Gold prices continued to surge on Thursday, following hotter-than-expected U.S. inflation, but Citigroup strategists were warning that fresh momentum for the precious metal may not last beyond winter.
“Should gold prices hold near $1,850/oz this week, new investor inflows are likely to materialize and $1,900/oz could be the next upside target,” said a team of Citi strategist led by Aakash Doshi, in a note to clients late Wednesday.
“However, a stronger US$ and more aggressive Fed pricing in STIR [short-term interest rates] markets are headwinds for gold price cheer, even if the inflation impulse looks robust,” said Doshi.
Gold for December delivery
rose $15, or 0.8%, to $1,863.50 an ounce, headed for another close not seen in months. On Wednesday, gold surged $17.50, or 1%, to settle at $1,848.30 an ounce on Comex, for its highest settlement since mid-June, according to FactSet data.
The gains came on the heels of a 0.9% jump in consumer prices index, well above the 0.6% that economists expected. Annually, inflation climbed to 6.2%, the biggest jump in over 31 years. There is no data scheduled for Thursday due to the Veterans Day holiday.
“Concerns about more persistent inflation or even the potential for stagflation is buttressing inflation hedge demand for TIPS, gold, and crypto, which could continue thematically in the short-term as November CPI should keep showing underlying strength,” said Doshi and the team.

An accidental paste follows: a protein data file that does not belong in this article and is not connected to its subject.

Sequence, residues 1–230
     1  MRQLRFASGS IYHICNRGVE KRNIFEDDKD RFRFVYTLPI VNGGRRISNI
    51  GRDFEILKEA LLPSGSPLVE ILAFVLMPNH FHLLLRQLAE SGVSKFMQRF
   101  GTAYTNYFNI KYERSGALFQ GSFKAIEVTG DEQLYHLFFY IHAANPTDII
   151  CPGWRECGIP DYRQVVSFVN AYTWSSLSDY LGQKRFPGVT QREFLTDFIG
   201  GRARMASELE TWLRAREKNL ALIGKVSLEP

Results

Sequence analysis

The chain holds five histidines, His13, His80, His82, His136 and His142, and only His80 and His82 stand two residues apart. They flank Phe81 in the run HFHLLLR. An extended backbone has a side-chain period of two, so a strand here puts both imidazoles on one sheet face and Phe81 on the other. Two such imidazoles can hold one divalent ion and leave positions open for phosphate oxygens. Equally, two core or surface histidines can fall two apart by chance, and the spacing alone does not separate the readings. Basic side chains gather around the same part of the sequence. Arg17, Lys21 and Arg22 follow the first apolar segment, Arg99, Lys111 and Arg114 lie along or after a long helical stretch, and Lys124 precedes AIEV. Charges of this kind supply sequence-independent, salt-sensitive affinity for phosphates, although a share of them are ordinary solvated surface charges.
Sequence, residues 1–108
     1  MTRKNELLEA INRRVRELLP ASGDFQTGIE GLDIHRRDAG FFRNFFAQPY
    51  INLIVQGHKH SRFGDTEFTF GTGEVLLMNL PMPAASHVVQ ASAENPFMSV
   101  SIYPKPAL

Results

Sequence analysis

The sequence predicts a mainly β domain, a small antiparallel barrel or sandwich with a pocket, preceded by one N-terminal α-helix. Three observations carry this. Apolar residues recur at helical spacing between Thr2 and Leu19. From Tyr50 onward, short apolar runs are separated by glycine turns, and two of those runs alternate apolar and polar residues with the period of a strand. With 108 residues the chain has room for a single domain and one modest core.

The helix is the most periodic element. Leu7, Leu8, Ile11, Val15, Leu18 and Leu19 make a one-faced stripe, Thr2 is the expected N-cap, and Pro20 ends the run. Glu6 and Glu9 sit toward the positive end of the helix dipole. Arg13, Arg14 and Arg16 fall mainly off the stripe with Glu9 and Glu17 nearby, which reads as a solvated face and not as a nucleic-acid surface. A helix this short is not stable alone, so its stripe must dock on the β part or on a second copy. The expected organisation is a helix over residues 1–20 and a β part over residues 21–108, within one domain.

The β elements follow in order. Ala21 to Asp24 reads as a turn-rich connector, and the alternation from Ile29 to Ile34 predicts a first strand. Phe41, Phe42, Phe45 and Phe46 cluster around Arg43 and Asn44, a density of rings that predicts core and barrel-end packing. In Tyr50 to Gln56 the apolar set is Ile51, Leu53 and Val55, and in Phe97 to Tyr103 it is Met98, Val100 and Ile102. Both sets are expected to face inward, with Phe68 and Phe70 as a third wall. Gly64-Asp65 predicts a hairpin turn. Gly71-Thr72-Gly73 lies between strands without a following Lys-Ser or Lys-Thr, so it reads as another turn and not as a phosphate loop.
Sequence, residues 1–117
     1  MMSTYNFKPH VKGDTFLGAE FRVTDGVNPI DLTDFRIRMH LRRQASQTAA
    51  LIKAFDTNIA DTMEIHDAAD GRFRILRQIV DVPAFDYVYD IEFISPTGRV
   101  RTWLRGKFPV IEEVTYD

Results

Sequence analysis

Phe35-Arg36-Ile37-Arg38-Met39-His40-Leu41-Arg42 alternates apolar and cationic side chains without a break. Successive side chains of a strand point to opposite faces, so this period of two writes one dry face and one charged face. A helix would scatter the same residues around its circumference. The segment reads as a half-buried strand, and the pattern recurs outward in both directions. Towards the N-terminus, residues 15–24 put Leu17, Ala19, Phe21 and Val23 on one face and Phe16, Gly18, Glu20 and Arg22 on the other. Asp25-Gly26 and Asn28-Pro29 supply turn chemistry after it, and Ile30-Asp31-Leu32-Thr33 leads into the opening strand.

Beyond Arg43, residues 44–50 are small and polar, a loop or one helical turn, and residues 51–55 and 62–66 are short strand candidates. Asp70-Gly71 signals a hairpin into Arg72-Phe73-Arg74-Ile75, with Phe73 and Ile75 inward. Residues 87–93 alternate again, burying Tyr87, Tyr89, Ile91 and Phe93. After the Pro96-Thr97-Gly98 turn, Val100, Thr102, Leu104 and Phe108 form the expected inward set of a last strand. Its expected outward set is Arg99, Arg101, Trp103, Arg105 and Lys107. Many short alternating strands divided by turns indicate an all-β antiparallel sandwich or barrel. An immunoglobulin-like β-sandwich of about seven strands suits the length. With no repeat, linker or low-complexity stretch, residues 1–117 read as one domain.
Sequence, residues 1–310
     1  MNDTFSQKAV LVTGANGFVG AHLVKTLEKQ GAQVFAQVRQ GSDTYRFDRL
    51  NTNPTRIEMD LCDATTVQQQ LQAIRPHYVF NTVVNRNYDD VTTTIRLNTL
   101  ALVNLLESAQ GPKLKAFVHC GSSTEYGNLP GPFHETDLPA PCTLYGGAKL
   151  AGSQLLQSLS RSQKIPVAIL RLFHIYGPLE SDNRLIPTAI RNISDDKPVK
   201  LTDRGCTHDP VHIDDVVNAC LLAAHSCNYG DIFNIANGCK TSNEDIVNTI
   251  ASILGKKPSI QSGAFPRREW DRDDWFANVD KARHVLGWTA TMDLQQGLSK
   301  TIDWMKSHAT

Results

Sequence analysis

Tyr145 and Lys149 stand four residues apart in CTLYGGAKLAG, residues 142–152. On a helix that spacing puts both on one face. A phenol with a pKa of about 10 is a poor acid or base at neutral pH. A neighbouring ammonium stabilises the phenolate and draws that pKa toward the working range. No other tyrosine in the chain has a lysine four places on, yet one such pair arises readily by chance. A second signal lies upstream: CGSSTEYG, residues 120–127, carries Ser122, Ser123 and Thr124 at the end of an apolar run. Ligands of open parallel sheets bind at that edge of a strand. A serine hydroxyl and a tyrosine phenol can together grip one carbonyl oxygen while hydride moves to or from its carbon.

Gold’s gains coincided with a strong dollar, a move that continued on Thursday. The dollar, as gauged by the ICE U.S. Dollar Index
rose 0.2% to 95.053. Dollar strength often weighs on prices for dollar-denominated gold.
Citi lifted its 0 to 3 month gold point-price target by 11% to $1,900 an ounce and its fourth-quarter forecast to $1,800 an ounce from $1,700. But while Doshi said they have priced in a “fat-tail risk” for the commodity to post fresh nominal highs above $2,100 an ounce next year, their base case is bearish for the second half of 2022 through 2023. They expect the Fed will signal a quicker pace of taper at the December FOMC.
December silver prices
climbed alongside gold, rising 26 cents, or 1%, to $25.03. Silver climbed 1.9% to $24.772 an ounce on Wednesday, the highest most-active contract finish since early September.